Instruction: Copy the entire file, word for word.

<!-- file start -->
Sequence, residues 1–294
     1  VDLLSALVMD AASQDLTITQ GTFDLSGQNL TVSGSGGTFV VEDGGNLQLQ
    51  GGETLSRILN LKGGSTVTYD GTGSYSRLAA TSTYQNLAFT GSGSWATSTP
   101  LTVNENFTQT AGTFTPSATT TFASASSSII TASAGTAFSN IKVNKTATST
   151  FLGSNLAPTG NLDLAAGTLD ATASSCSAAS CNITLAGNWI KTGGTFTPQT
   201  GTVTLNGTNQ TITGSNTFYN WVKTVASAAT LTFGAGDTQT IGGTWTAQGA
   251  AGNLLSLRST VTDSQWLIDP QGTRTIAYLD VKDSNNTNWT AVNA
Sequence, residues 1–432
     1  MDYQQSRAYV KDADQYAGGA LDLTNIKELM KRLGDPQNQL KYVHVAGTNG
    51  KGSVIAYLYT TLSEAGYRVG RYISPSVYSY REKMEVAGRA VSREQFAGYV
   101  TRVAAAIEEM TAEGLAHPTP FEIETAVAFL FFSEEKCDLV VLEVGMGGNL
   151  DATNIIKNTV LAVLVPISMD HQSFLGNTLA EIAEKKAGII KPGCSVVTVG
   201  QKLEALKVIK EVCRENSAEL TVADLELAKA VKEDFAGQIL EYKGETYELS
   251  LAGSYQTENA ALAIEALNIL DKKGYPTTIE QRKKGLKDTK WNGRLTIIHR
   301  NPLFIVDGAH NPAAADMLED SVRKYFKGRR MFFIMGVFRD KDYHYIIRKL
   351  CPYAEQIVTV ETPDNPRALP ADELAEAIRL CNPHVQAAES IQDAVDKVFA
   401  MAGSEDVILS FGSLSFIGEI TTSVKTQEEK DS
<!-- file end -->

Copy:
Sequence, residues 1–294
     1  VDLLSALVMD AASQDLTITQ GTFDLSGQNL TVSGSGGTFV VEDGGNLQLQ
    51  GGETLSRILN LKGGSTVTYD GTGSYSRLAA TSTYQNLAFT GSGSWATSTP
   101  LTVNENFTQT AGTFTPSATT TFASASSSII TASAGTAFSN IKVNKTATST
   151  FLGSNLAPTG NLDLAAGTLD ATASSCSAAS CNITLAGNWI KTGGTFTPQT
   201  GTVTLNGTNQ TITGSNTFYN WVKTVASAAT LTFGAGDTQT IGGTWTAQGA
   251  AGNLLSLRST VTDSQWLIDP QGTRTIAYLD VKDSNNTNWT AVNA
Sequence, residues 1–432
     1  MDYQQSRAYV KDADQYAGGA LDLTNIKELM KRLGDPQNQL KYVHVAGTNG
    51  KGSVIAYLYT TLSEAGYRVG RYISPSVYSY REKMEVAGRA VSREQFAGYV
   101  TRVAAAIEEM TAEGLAHPTP FEIETAVAFL FFSEEKCDLV VLEVGMGGNL
   151  DATNIIKNTV LAVLVPISMD HQSFLGNTLA EIAEKKAGII KPGCSVVTVG
   201  QKLEALKVIK EVCRENSAEL TVADLELAKA VKEDFAGQIL EYKGETYELS
   251  LAGSYQTENA ALAIEALNIL DKKGYPTTIE QRKKGLKDTK WNGRLTIIHR
   301  NPLFIVDGAH NPAAADMLED SVRKYFKGRR MFFIMGVFRD KDYHYIIRKL
   351  CPYAEQIVTV ETPDNPRALP ADELAEAIRL CNPHVQAAES IQDAVDKVFA
   401  MAGSEDVILS FGSLSFIGEI TTSVKTQEEK DS